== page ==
Hacking For Defense planners look to expand beyond military problems


For the last five years, Army veteran Alex Gallo and the Common Mission Project have been partnering with military officials to use teams of college students in solving a host of equipment and personnel challenges at the Defense Department.

Now the team wants to expand that idea to the rest of the world’s problems too.

“We’re doing programs on hacking for the oceans and the environment and hacking for climate and sustainability at five different universities already,” said Gallo, co-founder and executive director of CMP. “In society today, we solve too many problems in silos. This is a way to bring different groups together in a constructive problem solving process.”

The group’s Hacking For Defense program has drawn headlines in recent years for its unusual approach to Pentagon problems, with programs at more than 50 college campuses, including England.

Teams of college students — would-be engineers, computer scientists, public policy specialists and more — work together for a semester on an issue presented by military partners, with the goal of finding outside-the-box solutions.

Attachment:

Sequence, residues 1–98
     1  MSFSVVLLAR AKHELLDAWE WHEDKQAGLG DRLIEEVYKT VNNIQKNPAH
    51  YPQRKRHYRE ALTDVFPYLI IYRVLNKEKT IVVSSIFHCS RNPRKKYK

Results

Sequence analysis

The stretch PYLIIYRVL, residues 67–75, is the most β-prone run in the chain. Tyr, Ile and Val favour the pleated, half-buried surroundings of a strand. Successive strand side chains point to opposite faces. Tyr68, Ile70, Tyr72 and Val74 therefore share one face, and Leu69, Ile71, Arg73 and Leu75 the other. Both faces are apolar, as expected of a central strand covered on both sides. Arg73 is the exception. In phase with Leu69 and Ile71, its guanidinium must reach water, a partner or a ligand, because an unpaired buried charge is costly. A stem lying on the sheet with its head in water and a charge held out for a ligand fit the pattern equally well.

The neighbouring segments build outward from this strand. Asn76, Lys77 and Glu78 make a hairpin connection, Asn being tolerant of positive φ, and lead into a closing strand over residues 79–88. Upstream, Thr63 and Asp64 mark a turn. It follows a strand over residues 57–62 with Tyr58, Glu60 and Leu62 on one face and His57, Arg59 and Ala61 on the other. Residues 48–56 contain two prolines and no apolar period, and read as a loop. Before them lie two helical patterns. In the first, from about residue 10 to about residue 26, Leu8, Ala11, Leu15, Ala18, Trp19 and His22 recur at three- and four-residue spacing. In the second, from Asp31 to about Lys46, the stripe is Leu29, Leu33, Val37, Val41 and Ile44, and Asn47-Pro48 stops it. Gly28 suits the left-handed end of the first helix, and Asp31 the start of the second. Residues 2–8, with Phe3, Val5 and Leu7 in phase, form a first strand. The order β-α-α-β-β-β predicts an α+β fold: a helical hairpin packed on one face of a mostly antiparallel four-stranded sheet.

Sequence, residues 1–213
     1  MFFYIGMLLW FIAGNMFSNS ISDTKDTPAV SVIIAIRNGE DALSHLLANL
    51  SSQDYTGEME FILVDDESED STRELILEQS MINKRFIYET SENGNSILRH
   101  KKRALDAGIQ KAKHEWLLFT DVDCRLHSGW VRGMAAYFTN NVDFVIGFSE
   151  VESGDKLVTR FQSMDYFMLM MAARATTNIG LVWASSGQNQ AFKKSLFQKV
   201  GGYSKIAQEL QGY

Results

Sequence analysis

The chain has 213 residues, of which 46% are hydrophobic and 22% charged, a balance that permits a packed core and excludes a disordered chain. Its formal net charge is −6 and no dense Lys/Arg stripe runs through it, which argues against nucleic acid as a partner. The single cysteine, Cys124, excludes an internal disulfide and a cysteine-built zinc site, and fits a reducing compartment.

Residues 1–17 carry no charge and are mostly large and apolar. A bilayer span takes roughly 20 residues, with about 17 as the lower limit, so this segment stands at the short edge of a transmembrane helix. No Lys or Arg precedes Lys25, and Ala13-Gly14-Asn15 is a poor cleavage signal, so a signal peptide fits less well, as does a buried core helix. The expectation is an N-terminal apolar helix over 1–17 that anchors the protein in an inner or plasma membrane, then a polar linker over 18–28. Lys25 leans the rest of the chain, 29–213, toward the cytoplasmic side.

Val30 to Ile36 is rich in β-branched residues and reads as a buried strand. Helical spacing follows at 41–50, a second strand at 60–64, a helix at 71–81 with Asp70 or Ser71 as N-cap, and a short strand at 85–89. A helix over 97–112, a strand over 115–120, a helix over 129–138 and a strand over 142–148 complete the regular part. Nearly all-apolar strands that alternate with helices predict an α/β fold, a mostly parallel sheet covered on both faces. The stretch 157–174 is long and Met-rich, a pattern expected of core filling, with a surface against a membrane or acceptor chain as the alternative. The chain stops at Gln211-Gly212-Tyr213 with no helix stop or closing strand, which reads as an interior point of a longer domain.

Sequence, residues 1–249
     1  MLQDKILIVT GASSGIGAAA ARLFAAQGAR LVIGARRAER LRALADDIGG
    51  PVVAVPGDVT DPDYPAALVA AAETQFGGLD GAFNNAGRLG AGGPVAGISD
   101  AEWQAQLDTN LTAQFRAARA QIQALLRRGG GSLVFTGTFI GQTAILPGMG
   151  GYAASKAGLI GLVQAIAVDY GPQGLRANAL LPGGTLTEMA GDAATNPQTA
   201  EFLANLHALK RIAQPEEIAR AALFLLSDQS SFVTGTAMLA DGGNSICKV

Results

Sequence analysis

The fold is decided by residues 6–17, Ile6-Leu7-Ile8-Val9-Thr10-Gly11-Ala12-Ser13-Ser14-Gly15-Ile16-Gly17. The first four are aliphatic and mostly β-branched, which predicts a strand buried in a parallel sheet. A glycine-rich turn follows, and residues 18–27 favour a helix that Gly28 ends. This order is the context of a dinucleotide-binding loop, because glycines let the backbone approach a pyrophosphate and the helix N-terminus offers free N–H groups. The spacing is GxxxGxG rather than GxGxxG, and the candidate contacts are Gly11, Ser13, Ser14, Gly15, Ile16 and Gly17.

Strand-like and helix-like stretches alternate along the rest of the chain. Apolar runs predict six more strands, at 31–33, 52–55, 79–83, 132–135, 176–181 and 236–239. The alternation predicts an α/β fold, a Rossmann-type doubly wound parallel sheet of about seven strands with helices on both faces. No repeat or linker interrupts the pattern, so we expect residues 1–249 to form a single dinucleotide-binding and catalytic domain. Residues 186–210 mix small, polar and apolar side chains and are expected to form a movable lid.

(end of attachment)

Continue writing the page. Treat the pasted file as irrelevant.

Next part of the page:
Recent topics tackled with help from the the National Security Innovation Network include developing anti-drone technology for special forces vehicles, improving portable batteries for personal battlefield use, and improving mental health support for military specialists facing higher rates of suicide.

Gallo, who served as an Army officer in Iraq, said the value of having individuals outside the military evaluate and propose answers to those problems is they aren’t limited by military preconceptions about what the solutions should be

“When we arrived in Kuwait before entering into Iraq, we got a lot of cool equipment,” he said. “And our soldiers tried it out in the desert. And when we went into Iraq, that stuff stayed in storage for an entire year.

“It was all solutions in search of problems. We had a ton of problems in Iraq that year, but none of what they gave us solved our problems.”

Students in the course (more than 500 have gone through the program so far) meet with front-line troops as well as military planners and leaders throughout the semester, to better understand…

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